Nyerere's daughter turns debt cancellationactivist

Rosemary, the daughter of Tanzania's late president JuliusNyerere, has assumed the mantle of her father by turning into a debtcancellation activist. Like the late African statesmen, she has beendrumming up support for the cancellation of massive debts cripplingheavily indebted countries, most of which are in Africa.

In her latest appeal to countries of the G8, Rosemary said theWest had a moral obligation to write off the debts, now totallingover 2.3 trillion U.S. dollars. Tanzania is one of the 41 countriesof the world, classified as severely indebted, with an estimated debtstock amounting to eight billion US dollars, as at December lastyear. There are prospects of the country beginning to enjoy debtrelief under the much touted Heavily Indebted Poor Countries (HIPC)Initiative, but she has criticised the policy, saying the optionwould only plunge the continent into deeper poverty.

One of the conditions for debt relief makes it mandatory forgovernments hoping to qualify to restructure subsidy on socialservices in their countries. "If the third world countries acceptsuch conditions, how are the poor people to survive withoutsubsidies?" She scoffed during last year's Johannesburg Summit forDebt Free Millennium. The debt of third world countries has risenfrom 610 billion US dollars in 1980 to 2.3 trillion dollars in 1997in spite of large repayments made by debtor countries every year.

First Lady Anna Mkapa has called for a complete write off of thedebts in favour of nations that demonstrated a commitment to shape uptheir economies in line with poverty eradication But creditor nationshave always maintained their debtors had a moral obligation to payup, largely ignoring calls for a complete writing off of the monies.The first seeds of the country's debts were sowed when the Governmenttook over direct management of the economy and created parastatals torun the business.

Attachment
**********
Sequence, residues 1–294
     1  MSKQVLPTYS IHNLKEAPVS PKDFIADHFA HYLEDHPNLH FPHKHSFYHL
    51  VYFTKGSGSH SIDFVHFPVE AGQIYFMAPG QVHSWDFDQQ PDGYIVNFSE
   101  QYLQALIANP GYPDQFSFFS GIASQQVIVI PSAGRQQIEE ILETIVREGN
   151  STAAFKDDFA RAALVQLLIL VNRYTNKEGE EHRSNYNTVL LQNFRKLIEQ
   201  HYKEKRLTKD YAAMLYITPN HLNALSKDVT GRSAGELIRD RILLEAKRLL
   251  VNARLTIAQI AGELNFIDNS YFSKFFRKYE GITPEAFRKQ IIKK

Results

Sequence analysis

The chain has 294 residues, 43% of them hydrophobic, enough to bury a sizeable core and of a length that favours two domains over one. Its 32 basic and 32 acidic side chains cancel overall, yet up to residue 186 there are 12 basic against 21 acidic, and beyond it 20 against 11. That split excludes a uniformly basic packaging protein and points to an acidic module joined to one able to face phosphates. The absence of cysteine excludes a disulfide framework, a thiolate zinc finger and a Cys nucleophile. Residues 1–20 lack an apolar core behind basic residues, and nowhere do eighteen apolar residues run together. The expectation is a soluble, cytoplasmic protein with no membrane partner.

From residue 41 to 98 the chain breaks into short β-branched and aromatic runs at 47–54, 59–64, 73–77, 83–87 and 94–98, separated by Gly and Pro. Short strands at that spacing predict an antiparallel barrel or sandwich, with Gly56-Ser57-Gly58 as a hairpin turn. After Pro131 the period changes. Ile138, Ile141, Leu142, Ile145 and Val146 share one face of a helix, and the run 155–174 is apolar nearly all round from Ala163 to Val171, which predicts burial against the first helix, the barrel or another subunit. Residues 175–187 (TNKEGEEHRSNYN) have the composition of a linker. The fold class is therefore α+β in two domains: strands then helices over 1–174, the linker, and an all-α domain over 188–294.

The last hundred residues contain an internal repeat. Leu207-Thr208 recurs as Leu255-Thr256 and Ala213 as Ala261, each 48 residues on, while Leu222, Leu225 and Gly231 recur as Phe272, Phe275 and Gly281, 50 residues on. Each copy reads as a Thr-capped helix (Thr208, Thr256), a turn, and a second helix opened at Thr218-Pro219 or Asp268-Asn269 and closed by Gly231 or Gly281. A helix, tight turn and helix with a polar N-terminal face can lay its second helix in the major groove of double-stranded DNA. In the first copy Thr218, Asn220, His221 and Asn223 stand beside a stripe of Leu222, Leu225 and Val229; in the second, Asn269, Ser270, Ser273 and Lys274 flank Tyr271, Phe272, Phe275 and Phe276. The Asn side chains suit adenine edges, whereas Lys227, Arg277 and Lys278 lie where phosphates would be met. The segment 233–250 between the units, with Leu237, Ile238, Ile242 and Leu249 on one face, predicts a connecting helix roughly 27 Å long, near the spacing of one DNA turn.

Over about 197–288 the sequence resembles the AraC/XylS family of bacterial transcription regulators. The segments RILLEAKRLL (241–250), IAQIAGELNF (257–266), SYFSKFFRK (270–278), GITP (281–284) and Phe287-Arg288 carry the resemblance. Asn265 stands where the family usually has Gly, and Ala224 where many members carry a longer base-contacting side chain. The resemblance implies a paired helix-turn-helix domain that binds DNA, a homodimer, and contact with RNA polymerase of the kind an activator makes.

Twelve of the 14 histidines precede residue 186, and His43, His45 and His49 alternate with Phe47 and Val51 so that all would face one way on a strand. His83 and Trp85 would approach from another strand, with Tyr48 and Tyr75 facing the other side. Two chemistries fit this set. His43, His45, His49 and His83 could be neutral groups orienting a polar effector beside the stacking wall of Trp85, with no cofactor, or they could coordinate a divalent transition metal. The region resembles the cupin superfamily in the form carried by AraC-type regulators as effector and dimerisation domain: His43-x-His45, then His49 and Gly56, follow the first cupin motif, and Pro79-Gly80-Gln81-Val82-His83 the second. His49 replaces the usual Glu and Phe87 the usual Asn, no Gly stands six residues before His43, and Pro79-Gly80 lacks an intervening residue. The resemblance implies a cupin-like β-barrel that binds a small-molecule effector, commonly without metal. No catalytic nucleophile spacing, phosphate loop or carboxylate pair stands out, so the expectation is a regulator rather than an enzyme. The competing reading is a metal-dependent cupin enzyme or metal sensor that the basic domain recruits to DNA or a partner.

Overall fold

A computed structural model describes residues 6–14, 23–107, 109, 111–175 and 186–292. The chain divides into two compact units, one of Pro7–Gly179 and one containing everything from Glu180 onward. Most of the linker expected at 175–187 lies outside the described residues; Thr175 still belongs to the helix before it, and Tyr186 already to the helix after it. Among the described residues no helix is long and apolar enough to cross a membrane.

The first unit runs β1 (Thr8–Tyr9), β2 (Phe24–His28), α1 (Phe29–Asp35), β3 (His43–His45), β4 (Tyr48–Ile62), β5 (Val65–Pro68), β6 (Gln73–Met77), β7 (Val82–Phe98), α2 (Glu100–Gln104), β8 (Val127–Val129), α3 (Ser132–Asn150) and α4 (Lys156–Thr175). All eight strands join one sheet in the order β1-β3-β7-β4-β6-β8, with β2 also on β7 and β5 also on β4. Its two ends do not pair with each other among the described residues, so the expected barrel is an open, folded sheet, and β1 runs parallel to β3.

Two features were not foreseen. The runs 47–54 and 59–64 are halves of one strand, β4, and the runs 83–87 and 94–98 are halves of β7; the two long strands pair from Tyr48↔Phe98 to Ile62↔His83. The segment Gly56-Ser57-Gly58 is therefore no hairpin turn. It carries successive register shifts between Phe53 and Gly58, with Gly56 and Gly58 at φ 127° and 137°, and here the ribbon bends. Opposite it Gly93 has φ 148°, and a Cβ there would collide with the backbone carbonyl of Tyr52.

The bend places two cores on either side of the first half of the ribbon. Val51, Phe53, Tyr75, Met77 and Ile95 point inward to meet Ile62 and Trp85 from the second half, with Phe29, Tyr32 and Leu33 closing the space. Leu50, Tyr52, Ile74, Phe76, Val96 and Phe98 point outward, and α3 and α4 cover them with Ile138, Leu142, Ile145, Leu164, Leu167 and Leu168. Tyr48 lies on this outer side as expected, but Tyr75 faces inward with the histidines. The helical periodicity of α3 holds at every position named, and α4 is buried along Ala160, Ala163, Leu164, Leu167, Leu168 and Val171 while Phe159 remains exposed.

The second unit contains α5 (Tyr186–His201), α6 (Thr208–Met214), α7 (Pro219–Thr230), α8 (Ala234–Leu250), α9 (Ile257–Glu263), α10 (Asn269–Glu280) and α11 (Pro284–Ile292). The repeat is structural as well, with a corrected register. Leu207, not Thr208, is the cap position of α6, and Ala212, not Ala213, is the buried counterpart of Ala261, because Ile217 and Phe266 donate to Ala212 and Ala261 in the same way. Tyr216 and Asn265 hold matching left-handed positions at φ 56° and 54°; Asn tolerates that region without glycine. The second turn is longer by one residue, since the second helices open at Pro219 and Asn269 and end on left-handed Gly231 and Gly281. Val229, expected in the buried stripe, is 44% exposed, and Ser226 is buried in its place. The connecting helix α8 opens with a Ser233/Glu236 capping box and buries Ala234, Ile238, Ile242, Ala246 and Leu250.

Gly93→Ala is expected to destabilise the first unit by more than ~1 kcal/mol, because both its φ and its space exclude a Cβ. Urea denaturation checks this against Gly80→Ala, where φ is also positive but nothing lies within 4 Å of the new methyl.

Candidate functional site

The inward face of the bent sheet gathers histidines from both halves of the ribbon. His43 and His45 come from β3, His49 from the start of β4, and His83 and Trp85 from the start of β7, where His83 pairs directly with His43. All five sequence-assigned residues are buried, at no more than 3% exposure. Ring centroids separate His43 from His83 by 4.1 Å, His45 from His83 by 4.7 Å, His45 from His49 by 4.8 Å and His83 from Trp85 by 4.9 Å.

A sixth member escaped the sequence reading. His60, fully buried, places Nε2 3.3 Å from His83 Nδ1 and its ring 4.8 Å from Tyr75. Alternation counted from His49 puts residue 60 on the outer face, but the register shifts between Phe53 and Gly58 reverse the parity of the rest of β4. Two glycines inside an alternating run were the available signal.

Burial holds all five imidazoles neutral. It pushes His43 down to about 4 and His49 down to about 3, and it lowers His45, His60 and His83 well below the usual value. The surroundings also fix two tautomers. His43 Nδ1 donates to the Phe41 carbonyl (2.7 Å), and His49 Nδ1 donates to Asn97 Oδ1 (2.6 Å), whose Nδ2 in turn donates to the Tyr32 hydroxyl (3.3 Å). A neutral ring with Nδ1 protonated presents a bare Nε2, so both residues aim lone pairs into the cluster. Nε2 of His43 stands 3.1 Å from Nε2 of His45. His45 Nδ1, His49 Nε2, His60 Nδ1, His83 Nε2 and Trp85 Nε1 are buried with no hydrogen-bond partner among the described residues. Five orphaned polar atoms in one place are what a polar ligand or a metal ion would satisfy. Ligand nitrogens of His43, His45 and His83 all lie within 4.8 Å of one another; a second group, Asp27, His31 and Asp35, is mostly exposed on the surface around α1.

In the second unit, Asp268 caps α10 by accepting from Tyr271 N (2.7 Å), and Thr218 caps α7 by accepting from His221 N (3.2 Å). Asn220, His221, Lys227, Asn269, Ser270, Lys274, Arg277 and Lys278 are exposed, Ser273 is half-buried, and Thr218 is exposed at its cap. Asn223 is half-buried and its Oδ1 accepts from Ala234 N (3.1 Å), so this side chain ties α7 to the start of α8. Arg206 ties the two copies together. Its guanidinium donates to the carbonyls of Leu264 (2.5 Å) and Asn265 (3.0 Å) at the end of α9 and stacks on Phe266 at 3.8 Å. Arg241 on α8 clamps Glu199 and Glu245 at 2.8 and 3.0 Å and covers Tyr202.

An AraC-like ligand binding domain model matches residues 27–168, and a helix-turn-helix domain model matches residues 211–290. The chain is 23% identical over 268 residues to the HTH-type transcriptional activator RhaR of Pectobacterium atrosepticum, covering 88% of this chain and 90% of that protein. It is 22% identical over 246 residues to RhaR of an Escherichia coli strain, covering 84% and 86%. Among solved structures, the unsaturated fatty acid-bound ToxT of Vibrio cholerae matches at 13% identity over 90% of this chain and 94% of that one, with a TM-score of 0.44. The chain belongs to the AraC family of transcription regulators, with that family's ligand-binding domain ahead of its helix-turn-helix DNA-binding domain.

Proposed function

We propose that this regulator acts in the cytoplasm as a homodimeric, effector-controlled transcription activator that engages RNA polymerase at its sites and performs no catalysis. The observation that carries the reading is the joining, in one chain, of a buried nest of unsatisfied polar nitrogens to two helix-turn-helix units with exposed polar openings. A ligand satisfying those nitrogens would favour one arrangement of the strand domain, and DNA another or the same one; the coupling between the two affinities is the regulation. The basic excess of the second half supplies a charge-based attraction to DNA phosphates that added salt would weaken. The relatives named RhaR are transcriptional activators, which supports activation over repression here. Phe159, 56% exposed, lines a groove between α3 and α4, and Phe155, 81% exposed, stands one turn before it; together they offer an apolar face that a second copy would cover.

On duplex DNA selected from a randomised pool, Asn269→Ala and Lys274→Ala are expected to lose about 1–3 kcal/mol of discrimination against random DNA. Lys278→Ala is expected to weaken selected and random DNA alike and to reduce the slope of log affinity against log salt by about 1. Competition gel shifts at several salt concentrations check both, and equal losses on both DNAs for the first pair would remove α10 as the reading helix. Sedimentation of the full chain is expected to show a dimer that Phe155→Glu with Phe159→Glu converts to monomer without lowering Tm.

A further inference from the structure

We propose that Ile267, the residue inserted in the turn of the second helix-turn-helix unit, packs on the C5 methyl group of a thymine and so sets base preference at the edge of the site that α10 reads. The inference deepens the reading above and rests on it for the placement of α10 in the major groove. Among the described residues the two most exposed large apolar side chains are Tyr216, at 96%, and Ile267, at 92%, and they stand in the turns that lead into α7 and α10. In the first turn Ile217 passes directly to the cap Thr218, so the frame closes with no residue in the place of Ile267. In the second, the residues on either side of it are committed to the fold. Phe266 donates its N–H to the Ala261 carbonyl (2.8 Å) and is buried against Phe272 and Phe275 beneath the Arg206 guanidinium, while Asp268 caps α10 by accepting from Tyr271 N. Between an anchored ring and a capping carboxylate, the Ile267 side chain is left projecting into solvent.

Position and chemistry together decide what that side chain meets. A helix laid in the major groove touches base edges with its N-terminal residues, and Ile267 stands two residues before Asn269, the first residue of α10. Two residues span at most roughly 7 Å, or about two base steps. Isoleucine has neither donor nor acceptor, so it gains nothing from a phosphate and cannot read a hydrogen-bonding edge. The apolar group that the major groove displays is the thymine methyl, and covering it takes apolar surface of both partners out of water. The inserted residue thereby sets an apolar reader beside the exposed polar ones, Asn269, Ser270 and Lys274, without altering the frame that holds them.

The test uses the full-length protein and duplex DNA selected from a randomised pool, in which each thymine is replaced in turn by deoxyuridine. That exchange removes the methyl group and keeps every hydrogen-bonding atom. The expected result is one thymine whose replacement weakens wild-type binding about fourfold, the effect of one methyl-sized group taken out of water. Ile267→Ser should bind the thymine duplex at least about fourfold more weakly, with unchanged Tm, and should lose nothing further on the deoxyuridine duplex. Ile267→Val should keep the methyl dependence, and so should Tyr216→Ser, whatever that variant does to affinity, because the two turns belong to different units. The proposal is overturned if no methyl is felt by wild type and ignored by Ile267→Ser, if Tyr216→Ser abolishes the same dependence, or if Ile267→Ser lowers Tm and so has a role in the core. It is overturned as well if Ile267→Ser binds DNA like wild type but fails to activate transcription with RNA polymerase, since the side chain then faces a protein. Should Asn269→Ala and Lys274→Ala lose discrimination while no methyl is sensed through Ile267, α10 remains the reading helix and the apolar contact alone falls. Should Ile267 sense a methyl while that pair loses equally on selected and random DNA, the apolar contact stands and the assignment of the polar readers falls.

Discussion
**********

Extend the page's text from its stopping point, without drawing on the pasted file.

Then the country borrowed heavily during the 1973/74 and 1979/80oil crisis, a situation that triggered an inflation the world over.Another factor was the war with Uganda's Idi Amin, which has beenestimated to have cost the country more than 500 million U.S.dollars. Other factors include the breaking up of the former EastAfrican Community, which forced Tanzania to establish its ownairline, railways, posts and telecommunication companies. But whatangers debt cancellation activists though is that some of the loanswere used to start projects which made losses from their initialstart. Some of them remained as white elephants.

Oxfam, that supported the late Nyerere's debt cancellationinitiative has concluded that the current trend of external debtpayment will not enable Tanzania to achieve progress and that over 40percent of Tanzania's population will remain extremely poor. Theorganisation observed that on per capita basis, Tanzania was spendingnine times as much on debt servicing as on basic health and fourtimes as much on debt as on primary education. Both the IMF and theWorld Bank agree that Tanzania's debt is hefty relative to itsservicing capacity, but blames the government for past over borrowingto finance shoddy projects which did not correspond to economicgrowth.

Churches that have joined the debt cancellation campaign haveraised a moral issue to be considered by the government. They say itis not fair to pay debts when children are dying of malnutrition,lack education, clean water and health services. PANA

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